Luckily, when we're talking about criminal justice, there is a movement that is based on restoration rather than punishment and the need to conform to the technical procedures of laws. Restorative justice is the kind of justice procedure that holds offenders accountable directly to their own victims, which implies on the importance of victims' participation in the process. One way of establishing restorative justice is victim-offender mediation. This program brings offenders and their victims in the same room with a mediator. Both sides will be given their opportunity to express their feelings. The victims will be able to say what they feel throughout the event of crime and the offenders have the chance to explain their positions and apologize. The offenders, too, will be given a chance to 'restore' the victim's condition back to before crime.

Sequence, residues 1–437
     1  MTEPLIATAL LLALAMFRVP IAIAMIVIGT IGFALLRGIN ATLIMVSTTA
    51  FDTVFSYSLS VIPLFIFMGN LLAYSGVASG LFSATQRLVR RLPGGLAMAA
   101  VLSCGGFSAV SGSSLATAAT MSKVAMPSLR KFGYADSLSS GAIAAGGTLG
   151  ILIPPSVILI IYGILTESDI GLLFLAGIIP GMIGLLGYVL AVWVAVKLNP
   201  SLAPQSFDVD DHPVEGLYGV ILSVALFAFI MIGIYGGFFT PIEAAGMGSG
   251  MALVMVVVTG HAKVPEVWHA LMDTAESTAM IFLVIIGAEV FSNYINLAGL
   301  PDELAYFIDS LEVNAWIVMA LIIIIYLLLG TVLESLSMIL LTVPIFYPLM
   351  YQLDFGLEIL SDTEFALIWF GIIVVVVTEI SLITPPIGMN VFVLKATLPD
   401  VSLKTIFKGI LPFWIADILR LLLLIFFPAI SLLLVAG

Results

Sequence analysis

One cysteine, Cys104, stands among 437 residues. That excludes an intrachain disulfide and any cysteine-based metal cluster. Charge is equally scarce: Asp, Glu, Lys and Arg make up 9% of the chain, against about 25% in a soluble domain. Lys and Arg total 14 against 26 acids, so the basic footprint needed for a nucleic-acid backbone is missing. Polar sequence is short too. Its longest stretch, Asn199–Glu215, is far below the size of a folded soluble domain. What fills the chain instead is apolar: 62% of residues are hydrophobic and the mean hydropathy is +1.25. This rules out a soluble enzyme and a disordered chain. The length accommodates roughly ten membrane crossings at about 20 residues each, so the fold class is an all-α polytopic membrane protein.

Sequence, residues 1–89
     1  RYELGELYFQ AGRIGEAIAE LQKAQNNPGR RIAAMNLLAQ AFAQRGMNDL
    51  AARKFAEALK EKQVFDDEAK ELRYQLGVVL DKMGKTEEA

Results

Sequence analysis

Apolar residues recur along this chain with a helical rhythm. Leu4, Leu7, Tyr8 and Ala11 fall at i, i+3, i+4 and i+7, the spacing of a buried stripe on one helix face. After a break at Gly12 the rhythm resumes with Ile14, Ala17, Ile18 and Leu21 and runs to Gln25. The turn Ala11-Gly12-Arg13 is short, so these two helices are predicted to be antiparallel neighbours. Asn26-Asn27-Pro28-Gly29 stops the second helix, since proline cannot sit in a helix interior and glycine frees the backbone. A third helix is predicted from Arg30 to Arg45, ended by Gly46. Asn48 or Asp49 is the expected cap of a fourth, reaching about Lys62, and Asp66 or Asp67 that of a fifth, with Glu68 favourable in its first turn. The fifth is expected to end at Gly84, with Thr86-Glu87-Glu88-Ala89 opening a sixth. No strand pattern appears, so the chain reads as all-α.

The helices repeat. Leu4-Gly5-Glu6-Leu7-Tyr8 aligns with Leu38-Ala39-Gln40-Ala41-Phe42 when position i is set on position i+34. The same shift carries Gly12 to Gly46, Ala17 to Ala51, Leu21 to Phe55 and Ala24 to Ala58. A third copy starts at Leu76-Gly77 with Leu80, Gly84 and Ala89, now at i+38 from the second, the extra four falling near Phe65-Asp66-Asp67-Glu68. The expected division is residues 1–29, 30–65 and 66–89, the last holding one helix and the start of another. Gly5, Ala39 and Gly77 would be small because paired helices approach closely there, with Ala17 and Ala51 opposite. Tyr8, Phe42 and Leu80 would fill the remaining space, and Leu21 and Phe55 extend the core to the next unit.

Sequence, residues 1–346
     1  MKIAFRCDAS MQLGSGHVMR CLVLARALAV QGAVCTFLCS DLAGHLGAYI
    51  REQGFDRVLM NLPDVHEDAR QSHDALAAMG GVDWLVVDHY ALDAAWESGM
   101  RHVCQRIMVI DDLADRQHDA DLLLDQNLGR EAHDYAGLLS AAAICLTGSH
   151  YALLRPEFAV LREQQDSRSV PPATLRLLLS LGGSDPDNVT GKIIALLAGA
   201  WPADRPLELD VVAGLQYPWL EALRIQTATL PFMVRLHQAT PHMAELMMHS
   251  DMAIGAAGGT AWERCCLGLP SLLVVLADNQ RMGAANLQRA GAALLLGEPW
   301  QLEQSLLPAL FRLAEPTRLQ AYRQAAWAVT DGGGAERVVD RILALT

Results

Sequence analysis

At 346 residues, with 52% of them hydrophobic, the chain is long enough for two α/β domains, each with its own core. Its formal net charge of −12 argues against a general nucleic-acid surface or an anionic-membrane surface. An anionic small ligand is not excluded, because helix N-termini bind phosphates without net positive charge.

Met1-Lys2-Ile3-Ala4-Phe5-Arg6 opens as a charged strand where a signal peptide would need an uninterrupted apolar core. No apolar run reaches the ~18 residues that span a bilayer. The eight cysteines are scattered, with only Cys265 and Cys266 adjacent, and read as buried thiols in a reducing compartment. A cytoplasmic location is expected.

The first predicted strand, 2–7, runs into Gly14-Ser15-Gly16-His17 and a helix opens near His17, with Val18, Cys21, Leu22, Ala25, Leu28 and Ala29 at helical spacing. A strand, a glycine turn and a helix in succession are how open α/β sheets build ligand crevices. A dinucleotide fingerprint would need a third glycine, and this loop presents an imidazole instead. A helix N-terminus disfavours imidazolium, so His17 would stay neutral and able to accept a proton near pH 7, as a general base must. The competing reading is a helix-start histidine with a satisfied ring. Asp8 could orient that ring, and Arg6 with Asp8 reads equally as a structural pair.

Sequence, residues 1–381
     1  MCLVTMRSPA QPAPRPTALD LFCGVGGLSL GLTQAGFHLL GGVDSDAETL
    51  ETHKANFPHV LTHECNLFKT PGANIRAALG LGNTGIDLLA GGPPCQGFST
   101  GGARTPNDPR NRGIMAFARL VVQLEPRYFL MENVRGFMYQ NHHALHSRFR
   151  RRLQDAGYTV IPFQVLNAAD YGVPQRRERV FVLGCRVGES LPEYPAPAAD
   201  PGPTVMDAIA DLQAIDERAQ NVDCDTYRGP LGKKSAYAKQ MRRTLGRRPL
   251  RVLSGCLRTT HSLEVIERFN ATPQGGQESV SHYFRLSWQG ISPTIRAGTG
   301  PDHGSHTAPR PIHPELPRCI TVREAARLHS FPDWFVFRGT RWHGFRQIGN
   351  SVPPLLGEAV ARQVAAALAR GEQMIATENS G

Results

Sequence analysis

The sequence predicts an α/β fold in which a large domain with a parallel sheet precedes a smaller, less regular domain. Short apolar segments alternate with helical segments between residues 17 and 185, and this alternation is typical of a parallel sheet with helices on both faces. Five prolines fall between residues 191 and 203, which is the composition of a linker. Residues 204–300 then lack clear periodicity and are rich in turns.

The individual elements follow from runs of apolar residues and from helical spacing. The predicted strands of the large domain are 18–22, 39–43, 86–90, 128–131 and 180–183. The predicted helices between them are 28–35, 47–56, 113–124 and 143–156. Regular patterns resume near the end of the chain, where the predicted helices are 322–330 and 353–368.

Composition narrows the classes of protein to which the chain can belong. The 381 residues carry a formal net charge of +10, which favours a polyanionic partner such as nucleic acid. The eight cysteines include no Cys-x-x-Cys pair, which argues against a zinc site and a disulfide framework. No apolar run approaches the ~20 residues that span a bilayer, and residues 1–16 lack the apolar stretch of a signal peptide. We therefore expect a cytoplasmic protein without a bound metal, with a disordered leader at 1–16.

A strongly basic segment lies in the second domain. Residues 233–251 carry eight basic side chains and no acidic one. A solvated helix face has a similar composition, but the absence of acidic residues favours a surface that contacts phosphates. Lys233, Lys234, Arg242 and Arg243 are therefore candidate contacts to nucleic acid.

Of course both the victims and the offenders must give their consent to want to participate in this program, and those who consented benefit in their own respective ways. Offenders are less likely to experience repeat crimes and victims rate their satisfaction highly on the resolution process. My personal opinion would attribute these benefits back to the communication process. Communication is the one thing that is simple but very much neglected by grudge holders in this world. Conflicts usually persists due to the lack of direct communication between the two parties involved.
Although it's not really about restorative justice, but there is a new show, "Fairly Legal," that talks about how important it is to not be stuck with the technicality of laws and the benefits of mediation in conflict resolution. Try to watch it, and you might have an idea of what victim-offender mediation program is, except this show extends it to conflicts that are not based on criminal conducts.